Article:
91. JACKSON, Andrew. Farewell Address. New York, 1837. Broadside printed in three columns on silk, measuring 19-1/2 by 26-1/2 inches. $8200. Extremely rare early printing of Jackson’s Farewell to office, in which he appeals for unity of North and South and predicts that “if the Union is once severed, the line of separation will grow wider and wider, and the controversies which are now debated and settled in the halls of legislation will then be tried in fields of battle and determined by the sword.” “Jackson remains one of the most important spokesmen for majoritarian rule in this country, a president who brought into sharp focus the never-ending efforts of privileged elites who seek to use the government for their particular and selfish purposes and in the process endanger liberty and betray American democracy” (ANB). In his Farewell Address, written with the help of Chief Justice Roger B. Taney and delivered March 4, 1837, Jackson reviewed the accomplishments of his administration and reiterated his signature themes: condemnation of monopolies, speculation and paper money; and above all, unity of North and South in pledging loyalty to the Union. “The necessity of watching with jealous anxiety preservation of the Union was earnestly pressed, fellow citizens, by the Father of this Country… he has cautioned us in the strongest terms against the formation of parties on geographical discriminations, as one of the means which might disturb our Union and to which designing men would be likely to resort... The possible dissolution of the Union has at length become an ordinary and familiar subject of discussion. Has the warning voice of Washington been forgotten, or have designs already been formed to sever the Union?” As if prophesizing the Civil War, Jackson predicted: “If the Union is once severed, the line of separation will grow wider and wider, and the controversies which are now debated and settled in the halls of legislation will then be tried in fields of battle and determined by the sword.” It was customary in the early 19th century to print a small quantity of a President’s address on silk or satin. Only a few small stray spots of foxing. Fine condition. A remarkably well-preserved and exceptionally scarce primary source.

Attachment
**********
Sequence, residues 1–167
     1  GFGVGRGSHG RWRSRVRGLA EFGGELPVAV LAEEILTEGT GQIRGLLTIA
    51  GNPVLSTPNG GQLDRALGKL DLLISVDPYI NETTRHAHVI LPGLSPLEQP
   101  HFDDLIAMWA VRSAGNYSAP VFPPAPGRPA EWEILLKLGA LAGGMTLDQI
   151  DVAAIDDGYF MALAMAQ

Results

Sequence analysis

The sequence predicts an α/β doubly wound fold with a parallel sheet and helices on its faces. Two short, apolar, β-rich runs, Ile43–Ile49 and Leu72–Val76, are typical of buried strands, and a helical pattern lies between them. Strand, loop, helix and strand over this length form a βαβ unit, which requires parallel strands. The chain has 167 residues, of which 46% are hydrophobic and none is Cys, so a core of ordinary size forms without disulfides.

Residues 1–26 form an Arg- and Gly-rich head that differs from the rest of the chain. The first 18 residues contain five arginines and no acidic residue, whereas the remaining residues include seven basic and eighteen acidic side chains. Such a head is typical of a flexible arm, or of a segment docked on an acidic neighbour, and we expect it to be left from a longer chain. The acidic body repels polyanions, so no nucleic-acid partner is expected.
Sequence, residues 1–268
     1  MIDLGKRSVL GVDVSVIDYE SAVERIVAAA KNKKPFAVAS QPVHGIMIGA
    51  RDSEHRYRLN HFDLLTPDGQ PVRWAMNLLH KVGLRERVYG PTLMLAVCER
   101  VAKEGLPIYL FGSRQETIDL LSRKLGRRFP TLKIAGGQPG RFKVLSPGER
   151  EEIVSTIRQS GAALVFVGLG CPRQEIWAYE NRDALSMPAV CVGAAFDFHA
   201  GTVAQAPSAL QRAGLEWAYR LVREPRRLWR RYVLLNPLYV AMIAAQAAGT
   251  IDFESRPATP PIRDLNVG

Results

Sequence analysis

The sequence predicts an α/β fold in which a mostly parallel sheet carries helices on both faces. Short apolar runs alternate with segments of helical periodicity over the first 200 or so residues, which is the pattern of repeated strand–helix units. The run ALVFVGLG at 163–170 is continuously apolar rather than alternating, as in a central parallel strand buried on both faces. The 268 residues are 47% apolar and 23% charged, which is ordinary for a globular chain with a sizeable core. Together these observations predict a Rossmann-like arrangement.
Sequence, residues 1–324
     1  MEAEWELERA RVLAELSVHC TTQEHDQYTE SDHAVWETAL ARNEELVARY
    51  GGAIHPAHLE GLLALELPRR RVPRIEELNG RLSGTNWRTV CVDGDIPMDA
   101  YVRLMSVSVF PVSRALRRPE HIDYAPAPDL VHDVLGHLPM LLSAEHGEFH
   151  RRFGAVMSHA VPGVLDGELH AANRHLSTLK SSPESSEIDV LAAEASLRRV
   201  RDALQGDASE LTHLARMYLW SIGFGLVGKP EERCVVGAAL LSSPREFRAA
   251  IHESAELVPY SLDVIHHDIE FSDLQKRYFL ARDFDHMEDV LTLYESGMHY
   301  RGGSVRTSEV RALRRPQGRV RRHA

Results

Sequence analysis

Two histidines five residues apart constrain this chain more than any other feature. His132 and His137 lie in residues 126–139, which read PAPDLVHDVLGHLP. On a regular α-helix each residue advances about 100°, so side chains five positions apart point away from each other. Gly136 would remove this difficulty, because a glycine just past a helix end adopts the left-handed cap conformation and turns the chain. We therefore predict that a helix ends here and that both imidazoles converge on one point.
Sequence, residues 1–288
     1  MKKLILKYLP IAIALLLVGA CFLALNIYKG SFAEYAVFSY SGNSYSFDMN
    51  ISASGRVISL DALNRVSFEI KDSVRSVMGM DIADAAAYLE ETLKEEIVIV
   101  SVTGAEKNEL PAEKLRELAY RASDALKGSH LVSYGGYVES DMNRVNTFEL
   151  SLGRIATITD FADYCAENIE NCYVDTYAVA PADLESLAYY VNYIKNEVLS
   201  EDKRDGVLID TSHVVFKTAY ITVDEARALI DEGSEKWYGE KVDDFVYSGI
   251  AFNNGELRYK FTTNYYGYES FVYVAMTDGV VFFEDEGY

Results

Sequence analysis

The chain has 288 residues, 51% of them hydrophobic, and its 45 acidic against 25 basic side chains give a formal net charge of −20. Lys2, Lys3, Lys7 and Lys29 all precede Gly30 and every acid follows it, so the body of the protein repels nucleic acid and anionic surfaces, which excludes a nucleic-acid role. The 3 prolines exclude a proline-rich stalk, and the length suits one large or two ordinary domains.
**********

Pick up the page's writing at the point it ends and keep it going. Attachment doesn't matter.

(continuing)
Very Scarce Broadside Printing On Silk Of Thomas Jefferson’s Second Inaugural Address, 1805